Sunday, January 22, 2023

Swiss Bishops warn Catholics that only priests can preside over the Mass

 

The Catholic bishops of the three German-speaking dioceses in Switzerland — Basel, Chur and Sankt Gallen — have published a letter calling for compliance with liturgical rules regarding the sacramental authority that is attributed solely to the Church’s ordained presbyters (priests).

“You all know that only the priest validly presides at the Eucharist, grants sacramental reconciliation and administers the anointing of the sick,” the three bishops state in the letter, which was issued on January 5.

It is a clear response to what’s come to be known in Switzerland as the “Monika Schmid affair”. 

Schmid, who served many years as the de facto administrator of a parish in the Chur diocese, “concelebrated” at a Eucharistic celebration last August to mark her retirement. In the days immediately following, Chur’s Bishop Joseph Bonnemain ordered a preliminary canonical investigation “liturgical abuses”.  

Now the new letter — signed by Bonnemain and Bishops Felix Gmür (Basel) and Markus Büchel (Sankt Gallen) — has been seen as a warning to Catholics who may be tempted to introduce unlawful liturgical initiatives.

The letter is addressed to pastoral workers in particular. “We know very well that your work often requires a balance. There is a great gap between what you are burning for, your personal faith, and confronting everything that makes the Church so painfully behind the Gospel,” the three German-speaking bishops say.

Aware of the tensions concerning the place of laity in the Church, they remind the Catholics of their dioceses to rely on the synodal process as the place to discuss ecclesial developments. “We are very grateful for the synodal process, which shows us once again that we are on a journey together and that only together can we be credible witnesses of Jesus Christ,” they write.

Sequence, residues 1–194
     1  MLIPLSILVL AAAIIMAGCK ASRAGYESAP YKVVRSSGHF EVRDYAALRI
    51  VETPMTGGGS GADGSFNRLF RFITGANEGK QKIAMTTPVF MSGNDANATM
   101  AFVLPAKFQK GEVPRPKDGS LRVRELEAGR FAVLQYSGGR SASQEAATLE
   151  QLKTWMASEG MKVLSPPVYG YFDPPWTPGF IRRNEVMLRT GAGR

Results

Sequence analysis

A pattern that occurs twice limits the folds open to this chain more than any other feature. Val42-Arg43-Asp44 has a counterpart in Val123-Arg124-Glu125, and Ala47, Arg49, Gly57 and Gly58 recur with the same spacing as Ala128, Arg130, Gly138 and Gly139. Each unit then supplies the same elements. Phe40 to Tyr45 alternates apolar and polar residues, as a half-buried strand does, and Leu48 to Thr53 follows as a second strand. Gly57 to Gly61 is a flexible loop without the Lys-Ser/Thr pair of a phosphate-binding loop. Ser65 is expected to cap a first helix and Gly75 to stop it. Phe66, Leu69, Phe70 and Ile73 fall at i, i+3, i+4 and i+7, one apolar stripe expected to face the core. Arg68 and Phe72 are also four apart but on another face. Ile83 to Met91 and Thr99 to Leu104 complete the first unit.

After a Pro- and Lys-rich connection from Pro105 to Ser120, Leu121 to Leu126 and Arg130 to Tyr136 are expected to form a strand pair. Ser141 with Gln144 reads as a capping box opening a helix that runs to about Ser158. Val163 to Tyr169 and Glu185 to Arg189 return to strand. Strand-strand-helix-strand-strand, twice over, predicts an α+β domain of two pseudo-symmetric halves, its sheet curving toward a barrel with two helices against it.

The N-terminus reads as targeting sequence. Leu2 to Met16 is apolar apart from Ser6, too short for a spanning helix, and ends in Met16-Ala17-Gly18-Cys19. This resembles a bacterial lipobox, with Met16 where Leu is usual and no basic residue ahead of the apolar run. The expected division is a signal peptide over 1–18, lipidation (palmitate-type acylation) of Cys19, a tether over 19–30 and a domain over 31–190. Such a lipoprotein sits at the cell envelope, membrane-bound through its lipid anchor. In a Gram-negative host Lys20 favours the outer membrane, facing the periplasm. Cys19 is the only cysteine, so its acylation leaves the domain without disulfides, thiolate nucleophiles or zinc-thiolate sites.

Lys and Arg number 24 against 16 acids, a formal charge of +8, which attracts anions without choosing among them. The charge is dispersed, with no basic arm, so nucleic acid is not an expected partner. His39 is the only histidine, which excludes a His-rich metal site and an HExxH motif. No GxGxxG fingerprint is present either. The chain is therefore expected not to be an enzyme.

They also remind their people of the conditions that are required for valid celebrations of the Eucharist and other sacraments. “Common witness requires common forms and rules. We bishops regularly receive requests and worried reactions: The faithful have a right to religious services that respect the rules and forms of the Church,” they point out.

After underlining the universal character of the liturgy, the bishops insist that these rules “concern in particular those who preside at celebrations. You all know that only the priest validly presides at the Eucharist, grants sacramental reconciliation and anoints the sick. This is precisely why he is ordained. This rule of Roman Catholic faith must be respected without restriction in our dioceses,” they continue.

The bishops insist that they are not trying to defend any sort of “patriarchal clericalism”, arguing that “priests, in the service and execution of the sacraments, make visible that Jesus Christ Himself acts in and through the sacraments. They keep open, as it were, space for God’s action in the liturgy”. 

The discipline of the Catholic Church, the three prelates say, requires “a sacramental designation, that is, ordination, to preside at the celebration of the Eucharist and to say the Eucharistic prayer as a concelebrating priest”.

Building on the work of pastoral leaders, the bishops nevertheless recognise some of the demands that lay Catholics are making for a more open distribution of roles.

“We hear the requests of many people to be able to participate in the liturgy in other ways, for example as women. However, we urge you to not make the sign of unity that is the liturgy into a testing ground for personal projects. It is precisely in the worldwide celebration of the same liturgy that we are Catholic and in solidarity with one another,” the three bishops plead.

They point specifically to Pope Francis’ apostolic letter Desiderio Desideravi that insists on the quality of liturgies, inviting Catholics to use “the diversity of forms for liturgical celebrations that the Church offers. And to use places in the liturgy, such as reflection, preaching, meditation, intercessions, songs, music and silence, so that you can be part of it personally”.

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